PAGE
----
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Fate or chance? 15-year-old Avery and her rescue dog share the same rare heart condition
15-year-old Avery Mikolai and her newly adopted dog Annie were both diagnosed with pulmonary valve stenosis and received the same surgery to fix it.
- May 11, 2021
- By Staff Writer
When the Mikolai family decided to foster dogs during the COVID-19 pandemic, they had no idea that they’d find the perfect match – literally.
Annie, a pitbull husky mix, drew them in with her bright blue eyes – and the fact that she has the same rare heart condition as 15-year-old Avery Mikolai.
Both Avery and Annie were born with pulmonary valve stenosis, a congenital heart defect in which the heart valve doesn’t fully open, limiting blood flow from the heart to the lungs. Congenital heart disease affects roughly 1 percent of kids. Out of those patients with congenital heart disease, between 8 percent to 12 percent have pulmonary valve stenosis, said Pediatric Cardiologist and Electrophysiology Cardiologist Daniel Cortez, MD.
When she was just two days old, Avery underwent a balloon valvotomy at M Health Fairview University of Minnesota Masonic Children’s Hospital. This minimally invasive procedure widens the heart valve, allowing blood to flow more easily through the heart.
Annie’s identical diagnosis and treatment
When Annie was diagnosed with pulmonary valve stenosis during a veterinary visit with the Mikolai’s, Avery’s mom suspected right away that she would need the same heart procedure as Avery. As coincidence would have it, she was right.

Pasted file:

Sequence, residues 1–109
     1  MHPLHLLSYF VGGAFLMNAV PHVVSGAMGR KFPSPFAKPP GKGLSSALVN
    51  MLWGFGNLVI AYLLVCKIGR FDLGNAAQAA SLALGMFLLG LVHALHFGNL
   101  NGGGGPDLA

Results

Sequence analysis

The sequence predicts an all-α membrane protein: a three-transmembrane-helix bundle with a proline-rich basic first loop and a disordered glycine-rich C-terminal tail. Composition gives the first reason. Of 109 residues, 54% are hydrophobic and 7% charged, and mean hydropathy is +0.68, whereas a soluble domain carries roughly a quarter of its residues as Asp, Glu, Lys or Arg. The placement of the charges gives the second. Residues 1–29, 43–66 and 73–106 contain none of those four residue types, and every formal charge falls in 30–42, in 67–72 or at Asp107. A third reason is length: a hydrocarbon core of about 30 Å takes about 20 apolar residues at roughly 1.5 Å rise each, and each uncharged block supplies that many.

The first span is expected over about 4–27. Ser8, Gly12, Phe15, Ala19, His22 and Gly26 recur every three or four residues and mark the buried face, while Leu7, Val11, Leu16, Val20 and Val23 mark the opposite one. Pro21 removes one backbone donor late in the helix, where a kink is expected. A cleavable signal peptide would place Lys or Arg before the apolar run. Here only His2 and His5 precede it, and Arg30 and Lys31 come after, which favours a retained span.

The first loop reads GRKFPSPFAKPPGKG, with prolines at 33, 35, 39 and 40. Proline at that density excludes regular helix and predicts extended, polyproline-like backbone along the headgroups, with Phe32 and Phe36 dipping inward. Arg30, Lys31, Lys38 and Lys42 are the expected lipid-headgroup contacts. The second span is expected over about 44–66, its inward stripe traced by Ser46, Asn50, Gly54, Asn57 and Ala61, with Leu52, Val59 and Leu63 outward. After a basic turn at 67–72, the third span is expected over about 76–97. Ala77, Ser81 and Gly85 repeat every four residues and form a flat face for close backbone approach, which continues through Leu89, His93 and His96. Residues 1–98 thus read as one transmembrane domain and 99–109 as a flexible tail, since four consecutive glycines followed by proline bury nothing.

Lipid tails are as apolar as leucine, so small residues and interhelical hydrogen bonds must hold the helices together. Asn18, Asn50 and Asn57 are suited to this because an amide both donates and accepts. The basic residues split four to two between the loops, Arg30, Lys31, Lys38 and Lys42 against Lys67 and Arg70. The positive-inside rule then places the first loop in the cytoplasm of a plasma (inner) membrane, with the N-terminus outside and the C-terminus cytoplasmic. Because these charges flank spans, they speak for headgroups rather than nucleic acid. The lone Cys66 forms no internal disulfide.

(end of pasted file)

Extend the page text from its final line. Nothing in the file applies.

“I was shocked when we learned that she has the same heart condition,” said Avery. “But I don’t think of her any differently. To me, she’s just my dog.”
Annie’s recent surgery at the University of Minnesota Veterinary Medical Center was a success, and the family is hopeful that she’ll be able to live a healthy, normal life like Avery.
After surgery, Avery is unstoppable
In 2019, Avery had a heart valve replacement and tricuspid valve repair to help restore blood flow to normal. Due to an electrical block between the upper and lower heart chambers, Avery needed a pacemaker to help control her heartbeat.
“We used a MicraTM leadless pacemaker that not many other places use. It allows Avery to live a more active lifestyle and do things she loves, like waterski,” said Cortez, who also serves as an assistant professor in the department of pediatrics at University of Minnesota Medical School.
M Health Fairview University of Minnesota Masonic Children’s Hospital was the first hospital in the Midwest to implant the MicraTM leadless pacemaker in a pediatric patient and has been a longtime leader in children’s heart care.
“I can’t say enough about the care Avery has received,” said Nicki, Avery’s mom. “Avery is living a normal life.”
Thanks to the new pacemaker, Avery is ready to hit the Minnesota lakes this summer to waterski. And this year, she’ll have little Annie spotting her from the boat.